Ipos Explained Simply Essay
From: Owen Gearty
Date: 7 April 2014
Subject: Initial Public Offering
When a company wants to raise money to further fund its operations it can do so through an Initial Public Offering, or IPO. A private company can choose to sell shares in its company to interested investors, but first the value of a company’s shares must be evaluated. When a company decides to go public it needs to hire an underwriter, or investment bank.
The owner of the company must file an S-I with the Securities and Exchange Commission, or the SEC. An S-I filing is comprised of extensive financial data, legal issues, management background, and various other details about the company. The S-I is a way to show how the company is doing …show more content…
The stock is sold, at its estimated price, to a group of institutions and individual investors that were lined up by the underwriter, or investment bank. This occurs the night before the stock is publicly traded. It is called the “pricing” of the IPO.
Now trading begins the next day. Let’s assume Company X was priced at $20 the night before it is publicly traded. This means the group of investors lined up by the underwriter buy the stock at $20. The next day, however, trading for the stock begins at $50. This undervaluation can happen because of many reasons, usually just unexpected demand for the stock. Company X has now raised the desired amount of money, but could have potentially raised $30 more per share. The people buying at $50, more often than not, are buying it at a price that is too high. It’s like selling a car for $10,000 to Jim, and then finding out that Jim sold the same car for $20,000 the very next day.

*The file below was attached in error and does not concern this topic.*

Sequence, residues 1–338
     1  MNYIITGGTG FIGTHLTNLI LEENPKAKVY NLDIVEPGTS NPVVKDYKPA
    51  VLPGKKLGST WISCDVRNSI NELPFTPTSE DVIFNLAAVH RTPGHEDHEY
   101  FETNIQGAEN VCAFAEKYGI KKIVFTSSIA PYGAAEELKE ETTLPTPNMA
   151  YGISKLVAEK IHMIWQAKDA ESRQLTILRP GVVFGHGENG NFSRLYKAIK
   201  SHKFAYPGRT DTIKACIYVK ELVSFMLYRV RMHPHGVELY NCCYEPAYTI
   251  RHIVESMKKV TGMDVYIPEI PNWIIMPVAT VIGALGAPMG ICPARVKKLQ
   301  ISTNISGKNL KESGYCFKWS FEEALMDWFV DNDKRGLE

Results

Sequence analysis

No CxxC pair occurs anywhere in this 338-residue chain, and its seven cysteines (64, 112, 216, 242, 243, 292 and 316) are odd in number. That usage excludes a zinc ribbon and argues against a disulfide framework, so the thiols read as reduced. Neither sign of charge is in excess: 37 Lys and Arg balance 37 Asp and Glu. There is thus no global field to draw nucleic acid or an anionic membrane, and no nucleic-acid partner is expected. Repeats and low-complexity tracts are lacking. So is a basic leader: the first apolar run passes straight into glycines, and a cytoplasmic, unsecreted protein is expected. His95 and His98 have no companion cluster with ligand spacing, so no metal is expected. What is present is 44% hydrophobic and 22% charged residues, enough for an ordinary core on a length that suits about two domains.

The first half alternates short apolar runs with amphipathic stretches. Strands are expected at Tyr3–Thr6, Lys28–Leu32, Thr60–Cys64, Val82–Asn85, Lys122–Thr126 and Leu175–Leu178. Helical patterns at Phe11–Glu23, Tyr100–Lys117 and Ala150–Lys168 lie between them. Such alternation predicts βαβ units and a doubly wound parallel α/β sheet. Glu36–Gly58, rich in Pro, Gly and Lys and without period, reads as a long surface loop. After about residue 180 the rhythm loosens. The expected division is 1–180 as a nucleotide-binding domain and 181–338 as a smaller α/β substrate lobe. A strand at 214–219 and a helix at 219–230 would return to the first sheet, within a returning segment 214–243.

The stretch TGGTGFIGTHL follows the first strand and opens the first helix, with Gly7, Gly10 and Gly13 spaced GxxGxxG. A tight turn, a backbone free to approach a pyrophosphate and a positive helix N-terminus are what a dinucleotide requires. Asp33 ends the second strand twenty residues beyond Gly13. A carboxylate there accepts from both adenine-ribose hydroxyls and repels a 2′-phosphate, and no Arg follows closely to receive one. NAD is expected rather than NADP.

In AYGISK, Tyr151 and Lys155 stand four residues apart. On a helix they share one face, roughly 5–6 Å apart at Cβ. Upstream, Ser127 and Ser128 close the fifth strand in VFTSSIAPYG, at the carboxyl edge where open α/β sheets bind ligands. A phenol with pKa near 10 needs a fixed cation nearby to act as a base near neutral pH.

When a stock goes public and there is overwhelming demand for that stock the price can skyrocket. But many times these companies cannot maintain and just as quickly as it skyrocketed, the price can plummet. This is what happened in the Dot.com bubble of 1999-2000. Investors couldn’t get enough of new online companies. This overwhelming demand led to inflated prices for almost all companies with a “dot.com” in their name. Prices would soar on the first day of